Apartheid legacy keeps black youth unemployed

Black youth have regressed in acquiring skills in the past 20 years compared to their coloured, Indian and white counterparts, statistician general Pali Lehohla said on Monday.

“Black youth between the ages of 25 and 34 lost out in acquiring skills through the 20-year period, and that is the crux of the issue of youth unemployment,” he said in presenting a report on youth unemployment from 1994 to 2014.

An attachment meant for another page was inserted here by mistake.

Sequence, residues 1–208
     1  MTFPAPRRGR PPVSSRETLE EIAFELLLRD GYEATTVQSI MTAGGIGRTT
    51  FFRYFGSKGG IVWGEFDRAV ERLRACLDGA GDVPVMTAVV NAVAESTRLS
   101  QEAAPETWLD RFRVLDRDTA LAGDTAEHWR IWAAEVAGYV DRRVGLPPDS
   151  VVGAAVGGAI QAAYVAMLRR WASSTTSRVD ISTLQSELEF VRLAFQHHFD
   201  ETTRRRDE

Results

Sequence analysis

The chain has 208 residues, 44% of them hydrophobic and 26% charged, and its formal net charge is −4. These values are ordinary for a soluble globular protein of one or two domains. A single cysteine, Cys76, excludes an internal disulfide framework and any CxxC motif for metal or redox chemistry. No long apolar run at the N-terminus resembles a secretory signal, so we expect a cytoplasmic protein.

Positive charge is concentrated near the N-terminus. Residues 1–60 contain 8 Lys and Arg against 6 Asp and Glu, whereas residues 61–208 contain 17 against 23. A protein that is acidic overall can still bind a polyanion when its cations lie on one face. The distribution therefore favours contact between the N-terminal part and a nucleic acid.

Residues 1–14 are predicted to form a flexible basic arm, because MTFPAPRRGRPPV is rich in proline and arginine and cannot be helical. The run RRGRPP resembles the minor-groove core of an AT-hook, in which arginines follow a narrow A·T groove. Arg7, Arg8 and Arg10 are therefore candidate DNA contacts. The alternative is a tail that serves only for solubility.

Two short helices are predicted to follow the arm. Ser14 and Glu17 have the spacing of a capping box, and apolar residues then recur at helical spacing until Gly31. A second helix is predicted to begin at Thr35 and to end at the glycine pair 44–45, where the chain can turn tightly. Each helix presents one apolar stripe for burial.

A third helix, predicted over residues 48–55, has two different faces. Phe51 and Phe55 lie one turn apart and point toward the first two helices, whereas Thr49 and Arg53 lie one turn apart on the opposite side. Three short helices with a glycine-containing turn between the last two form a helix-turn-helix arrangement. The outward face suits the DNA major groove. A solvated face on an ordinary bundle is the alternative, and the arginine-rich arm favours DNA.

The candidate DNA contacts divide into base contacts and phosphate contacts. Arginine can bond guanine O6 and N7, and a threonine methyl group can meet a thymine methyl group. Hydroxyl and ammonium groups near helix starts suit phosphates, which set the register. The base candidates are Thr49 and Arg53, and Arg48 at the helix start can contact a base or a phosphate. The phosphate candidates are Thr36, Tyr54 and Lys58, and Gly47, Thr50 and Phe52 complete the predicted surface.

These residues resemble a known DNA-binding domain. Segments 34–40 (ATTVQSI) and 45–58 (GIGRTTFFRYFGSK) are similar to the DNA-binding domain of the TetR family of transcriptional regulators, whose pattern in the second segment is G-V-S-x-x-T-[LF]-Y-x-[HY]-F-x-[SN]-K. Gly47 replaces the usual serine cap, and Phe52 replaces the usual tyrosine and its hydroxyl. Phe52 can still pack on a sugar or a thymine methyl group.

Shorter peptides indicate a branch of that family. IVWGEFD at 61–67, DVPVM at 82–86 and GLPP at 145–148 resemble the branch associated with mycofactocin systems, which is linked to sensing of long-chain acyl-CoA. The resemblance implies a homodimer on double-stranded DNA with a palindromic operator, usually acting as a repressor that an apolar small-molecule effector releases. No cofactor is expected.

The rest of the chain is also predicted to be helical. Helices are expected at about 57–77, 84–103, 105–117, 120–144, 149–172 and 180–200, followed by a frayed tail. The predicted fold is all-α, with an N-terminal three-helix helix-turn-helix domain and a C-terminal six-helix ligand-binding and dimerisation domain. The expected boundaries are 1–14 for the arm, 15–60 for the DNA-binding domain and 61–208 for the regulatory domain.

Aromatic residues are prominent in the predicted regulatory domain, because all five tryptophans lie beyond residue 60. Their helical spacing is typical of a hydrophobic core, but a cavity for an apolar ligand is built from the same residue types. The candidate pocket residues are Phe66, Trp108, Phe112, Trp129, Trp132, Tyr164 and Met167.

Youth unemployment was at 36.1%, with jobless youth making up 75% of the country’s unemployed, Stats SA’s Lehohla said.

There were various causes for the inadequate skills development, Lehohla said.

These included the apartheid legacy, the closure of teacher and nursing training colleges, weak administration in education (such as the non-delivery of textbooks), ineffective teaching, and the role of parents in the education of their children.

Skilled employment among whites reached 61.5% in 2014, from 42% in 1994; Indians and Asians 50.7% (26%); coloureds 22.5% (12%); and blacks 17.9% (15%).

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Apartheid legacy keeps black youth unemployed